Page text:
“Would you please tell us that is it correct that more than Rs 5,000 crore has been spent on Ganga in making it worse from bad. We don’t want to know whether you have allotted this quantum of money to the states or have spent it yourself.
“Out of the 2,500 km stretch of the river Ganga, tell us one place, where the condition of the river has improved.”
These were the angry words from a visibly exasperated chairperson of the National Green Tribunal while slamming the central government for its utter failure to clean river Ganga.
The NGT bench headed by Justice Swatanter Kumar on Friday asked the government to “tell us one place” where the Ganga was clean adding that despite spending huge sums, the situation had gone from bad to worse.
Justice Kumar minced no words in expressing his frustration over the central government’s disappointing approach towards ensuring cleanliness and uninterrupted flow of the Ganga.
The bench concluded, “we take it that almost nothing has happened in reality.”
The National Green Tribunal was established in October 2010 under the National Green Tribunal Act 2010 for “effective and expeditious disposal of cases relating to environmental protection and conservation of forests and other natural resources.”
It was asked by the Supreme Court to act against industrial units polluting river Ganga. It said that the Centre and the states were merely trading blames and responsibilities over the years and nothing substantive could be seen on the ground.
The counsel representing ministry of water resources said that starting from 1985, almost Rs 4,000 crore had been spent on the rejuvenation of the river till last year.
According to him, the Ganga Action Plan Phase-I was launched as a centrally-funded scheme in 1985 before its Phase-II was began eight years later.
In 2009, ‘National Ganga River Basin Authority’ was setup for pollution control in river Ganga.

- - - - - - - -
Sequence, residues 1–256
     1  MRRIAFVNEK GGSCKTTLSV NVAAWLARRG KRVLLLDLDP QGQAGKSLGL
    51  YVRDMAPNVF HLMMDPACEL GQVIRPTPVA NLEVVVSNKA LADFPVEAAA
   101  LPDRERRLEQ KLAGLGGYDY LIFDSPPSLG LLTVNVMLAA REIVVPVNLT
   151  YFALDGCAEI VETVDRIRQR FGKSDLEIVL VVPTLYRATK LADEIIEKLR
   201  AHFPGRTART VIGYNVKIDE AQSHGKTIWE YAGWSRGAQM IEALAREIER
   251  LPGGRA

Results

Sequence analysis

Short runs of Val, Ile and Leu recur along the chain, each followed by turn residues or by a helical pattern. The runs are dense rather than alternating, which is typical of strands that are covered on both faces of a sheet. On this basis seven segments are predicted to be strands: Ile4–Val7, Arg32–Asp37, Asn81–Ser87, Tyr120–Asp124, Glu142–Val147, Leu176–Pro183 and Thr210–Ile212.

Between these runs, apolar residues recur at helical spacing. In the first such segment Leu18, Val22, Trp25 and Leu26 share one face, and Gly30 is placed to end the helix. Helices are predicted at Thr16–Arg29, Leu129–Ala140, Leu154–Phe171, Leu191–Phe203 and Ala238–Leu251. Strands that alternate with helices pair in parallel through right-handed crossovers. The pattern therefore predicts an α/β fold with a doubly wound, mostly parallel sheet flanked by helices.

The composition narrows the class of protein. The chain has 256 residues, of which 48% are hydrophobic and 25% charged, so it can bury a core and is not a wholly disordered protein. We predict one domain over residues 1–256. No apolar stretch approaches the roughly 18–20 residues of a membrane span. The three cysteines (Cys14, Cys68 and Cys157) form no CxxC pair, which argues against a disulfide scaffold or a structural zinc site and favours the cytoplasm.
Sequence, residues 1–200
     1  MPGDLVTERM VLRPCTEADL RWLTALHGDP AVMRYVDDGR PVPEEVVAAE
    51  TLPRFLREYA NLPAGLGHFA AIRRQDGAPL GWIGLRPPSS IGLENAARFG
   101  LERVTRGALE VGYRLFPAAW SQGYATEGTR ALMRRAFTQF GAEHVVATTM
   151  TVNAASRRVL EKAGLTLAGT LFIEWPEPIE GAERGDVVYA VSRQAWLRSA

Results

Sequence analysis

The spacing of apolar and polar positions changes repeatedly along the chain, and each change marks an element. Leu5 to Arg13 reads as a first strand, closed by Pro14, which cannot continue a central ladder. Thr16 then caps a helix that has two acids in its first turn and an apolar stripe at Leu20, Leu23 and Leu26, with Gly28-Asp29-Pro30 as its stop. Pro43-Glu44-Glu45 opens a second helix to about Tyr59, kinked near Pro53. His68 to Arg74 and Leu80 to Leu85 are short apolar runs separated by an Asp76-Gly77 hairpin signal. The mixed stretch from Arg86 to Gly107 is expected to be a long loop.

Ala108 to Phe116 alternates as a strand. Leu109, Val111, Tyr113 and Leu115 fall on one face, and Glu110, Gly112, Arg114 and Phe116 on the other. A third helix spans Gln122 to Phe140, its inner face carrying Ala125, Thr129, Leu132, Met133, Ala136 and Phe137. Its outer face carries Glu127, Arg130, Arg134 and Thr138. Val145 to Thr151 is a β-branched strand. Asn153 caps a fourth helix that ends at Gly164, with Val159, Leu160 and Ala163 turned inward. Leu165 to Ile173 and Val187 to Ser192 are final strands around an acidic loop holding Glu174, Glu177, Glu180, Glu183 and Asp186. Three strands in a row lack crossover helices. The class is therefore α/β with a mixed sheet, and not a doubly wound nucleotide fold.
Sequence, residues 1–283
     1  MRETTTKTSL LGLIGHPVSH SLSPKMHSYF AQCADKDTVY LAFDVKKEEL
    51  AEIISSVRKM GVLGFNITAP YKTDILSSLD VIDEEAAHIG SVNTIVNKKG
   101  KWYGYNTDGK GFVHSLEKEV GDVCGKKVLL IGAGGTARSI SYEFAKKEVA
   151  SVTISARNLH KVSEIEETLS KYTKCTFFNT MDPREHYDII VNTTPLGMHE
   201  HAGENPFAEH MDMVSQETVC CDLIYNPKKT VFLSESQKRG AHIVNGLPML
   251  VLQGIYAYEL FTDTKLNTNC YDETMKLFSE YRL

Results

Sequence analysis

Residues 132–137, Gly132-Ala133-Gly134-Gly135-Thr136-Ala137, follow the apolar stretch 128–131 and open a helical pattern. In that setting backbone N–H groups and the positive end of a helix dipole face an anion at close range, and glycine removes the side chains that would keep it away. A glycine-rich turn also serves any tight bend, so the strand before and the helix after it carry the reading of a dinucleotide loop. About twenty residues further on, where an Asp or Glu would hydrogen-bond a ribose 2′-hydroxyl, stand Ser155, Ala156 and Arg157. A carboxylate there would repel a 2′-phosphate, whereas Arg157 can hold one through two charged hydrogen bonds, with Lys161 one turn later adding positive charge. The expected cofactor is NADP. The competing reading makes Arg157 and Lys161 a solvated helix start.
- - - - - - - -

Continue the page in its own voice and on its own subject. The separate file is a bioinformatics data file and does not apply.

The government council attempted to explain the reasons behind the lackadaisical approach of the central government in cleaning the Ganga. He said that NGRBA, a World Bank-funded scheme, was aimed at effective “abatement of pollution and conservation of Ganga” and 70 per cent of the total project cost was contributed by the Centre and the remaining expenses were borne by the states.
The bench said, “better be careful of what you say. We take it as almost nothing has happened in reality. It is not suddenly that we are asking for all the information from you.
“We have been waiting for the last one year. But for one reason or the other, you have been delaying the issue. We
don’t want to comment on that. But this time we are not leaving it to your discretion, be rest assured. To clean Ganga is your prime responsibility. Days are very short for you.”
Aftet forming his new government, Prime Minister Narendra Modi had talking about his resolve to clean the Ganga. He had created a separate ministry for this purpose and give its additional charge to the water resources minister Uma Bharti.
In June this year, Bharti had said that Ganga would be pollution free by 2016. But a month later she changed her estimation saying that the river wouldn’t be clean until 2020.
The minister was embroiled in a huge controversy last year after an RTI reply revealed that government had Rs 43.85 lakh on a meeting on the issue at Vigyan Bhawan in the capital in July 2014. Bharti had defended this expense.